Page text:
Minister Terrone had travelled to @Rihan today, both formally and informally, to effect that change. Formally, he was here to procure Rihannsu investments in Faramount's oil, gas, and coal sectors. He had spent all day meeting with private and public Rihannsu officials to this end, and would spend the next two days doing the same. Terrone had made substantial progress already, and he was confident that by the time he left, he would have convinced several Rihannsu corporations to invest tens of millions in petroleum and coal mining in Faramount. But Terrone had truly come to Rihan for a separate, informal purpose: to gain much-needed capital for his effort to gain power and to create a new industry for Faramount. It was in pursuit of this second purpose that Terrone, who usually liked to retire early, was now readying himself at 21:00 to leave his hotel room. The minister prepared himself quickly, donning a fresh, starkly pressed three-piece suit, reviewing his notes, and then finally exiting the presidential suite of the five-star hotel in which he was staying. An aide and two bodyguards met Terrone at his door, and escorted him out the back of the building.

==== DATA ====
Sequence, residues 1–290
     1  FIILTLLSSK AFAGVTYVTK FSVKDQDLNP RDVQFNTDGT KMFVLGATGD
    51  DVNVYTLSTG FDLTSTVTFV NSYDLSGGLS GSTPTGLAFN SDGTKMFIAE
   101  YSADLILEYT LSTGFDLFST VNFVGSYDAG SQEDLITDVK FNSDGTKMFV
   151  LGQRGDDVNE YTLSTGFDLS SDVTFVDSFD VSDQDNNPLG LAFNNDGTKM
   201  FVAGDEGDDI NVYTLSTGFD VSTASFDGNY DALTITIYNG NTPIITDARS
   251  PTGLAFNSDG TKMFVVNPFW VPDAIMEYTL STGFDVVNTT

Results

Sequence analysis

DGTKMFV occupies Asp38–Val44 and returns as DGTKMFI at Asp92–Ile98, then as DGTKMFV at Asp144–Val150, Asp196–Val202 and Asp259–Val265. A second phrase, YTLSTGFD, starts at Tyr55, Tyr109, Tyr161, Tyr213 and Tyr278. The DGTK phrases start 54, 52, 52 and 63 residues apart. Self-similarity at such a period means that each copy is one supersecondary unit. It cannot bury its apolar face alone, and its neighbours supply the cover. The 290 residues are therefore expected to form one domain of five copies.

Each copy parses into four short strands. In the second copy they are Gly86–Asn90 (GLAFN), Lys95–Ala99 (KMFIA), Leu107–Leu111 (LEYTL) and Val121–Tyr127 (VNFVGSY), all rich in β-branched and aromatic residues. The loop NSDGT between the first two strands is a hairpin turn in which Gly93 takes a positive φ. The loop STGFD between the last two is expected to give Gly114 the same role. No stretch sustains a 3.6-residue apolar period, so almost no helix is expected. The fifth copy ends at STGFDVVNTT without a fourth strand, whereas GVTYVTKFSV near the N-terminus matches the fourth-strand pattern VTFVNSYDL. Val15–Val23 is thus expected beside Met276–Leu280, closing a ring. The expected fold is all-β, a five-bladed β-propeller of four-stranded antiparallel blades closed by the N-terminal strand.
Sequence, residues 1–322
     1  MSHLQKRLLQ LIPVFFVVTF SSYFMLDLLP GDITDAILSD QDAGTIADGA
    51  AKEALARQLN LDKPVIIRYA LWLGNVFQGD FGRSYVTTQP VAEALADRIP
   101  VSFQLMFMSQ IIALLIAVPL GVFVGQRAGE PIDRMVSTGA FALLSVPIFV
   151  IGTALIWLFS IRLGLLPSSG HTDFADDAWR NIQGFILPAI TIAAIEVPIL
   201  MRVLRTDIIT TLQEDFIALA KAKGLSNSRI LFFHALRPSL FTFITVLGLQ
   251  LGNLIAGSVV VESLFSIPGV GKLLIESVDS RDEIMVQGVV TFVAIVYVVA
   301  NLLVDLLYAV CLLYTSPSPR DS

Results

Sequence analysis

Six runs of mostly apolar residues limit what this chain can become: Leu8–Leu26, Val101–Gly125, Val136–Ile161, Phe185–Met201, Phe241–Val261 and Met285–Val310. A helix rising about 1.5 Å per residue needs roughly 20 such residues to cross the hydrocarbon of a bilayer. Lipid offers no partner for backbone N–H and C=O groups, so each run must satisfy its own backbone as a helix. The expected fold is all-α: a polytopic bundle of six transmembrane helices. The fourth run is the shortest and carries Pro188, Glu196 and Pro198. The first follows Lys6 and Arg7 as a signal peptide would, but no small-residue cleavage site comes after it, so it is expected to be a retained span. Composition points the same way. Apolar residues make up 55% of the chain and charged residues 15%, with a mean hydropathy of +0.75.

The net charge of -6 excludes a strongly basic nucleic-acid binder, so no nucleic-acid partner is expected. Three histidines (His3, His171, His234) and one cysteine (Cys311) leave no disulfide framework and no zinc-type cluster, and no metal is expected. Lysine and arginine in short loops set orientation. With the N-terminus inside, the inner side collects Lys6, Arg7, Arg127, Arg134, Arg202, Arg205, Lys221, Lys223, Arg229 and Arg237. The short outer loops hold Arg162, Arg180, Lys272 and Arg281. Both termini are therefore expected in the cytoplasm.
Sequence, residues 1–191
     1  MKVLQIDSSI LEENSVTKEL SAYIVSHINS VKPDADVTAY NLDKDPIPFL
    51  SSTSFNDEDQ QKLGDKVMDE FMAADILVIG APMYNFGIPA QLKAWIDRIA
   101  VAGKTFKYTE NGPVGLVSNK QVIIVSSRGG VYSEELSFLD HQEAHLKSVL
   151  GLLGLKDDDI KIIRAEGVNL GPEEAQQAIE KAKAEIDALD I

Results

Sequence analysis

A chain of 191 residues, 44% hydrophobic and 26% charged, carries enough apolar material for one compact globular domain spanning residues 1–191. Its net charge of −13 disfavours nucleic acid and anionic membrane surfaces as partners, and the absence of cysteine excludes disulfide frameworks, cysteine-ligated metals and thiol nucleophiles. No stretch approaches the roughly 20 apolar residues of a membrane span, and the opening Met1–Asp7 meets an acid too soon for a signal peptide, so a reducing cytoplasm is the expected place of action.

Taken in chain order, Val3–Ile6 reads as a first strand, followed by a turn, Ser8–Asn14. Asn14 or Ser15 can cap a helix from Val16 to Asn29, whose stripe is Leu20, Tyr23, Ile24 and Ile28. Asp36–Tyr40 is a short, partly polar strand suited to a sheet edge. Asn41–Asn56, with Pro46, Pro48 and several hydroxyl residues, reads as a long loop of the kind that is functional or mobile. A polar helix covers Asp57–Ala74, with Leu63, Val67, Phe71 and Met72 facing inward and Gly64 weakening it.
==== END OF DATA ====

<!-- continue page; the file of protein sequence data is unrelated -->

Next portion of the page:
Terrone's potential partner in Rihan had directed the minister, and his staff, to gather in a small parking lot in the rear of the hotel compound. And so Terrone and his party made their way through the pool area, out the back of the hotel, past the tennis courts, and finally to the small service area. Always a punctual man, Terrone and his group arrived five minutes before the pre-arranged time, and then waited to be picked up.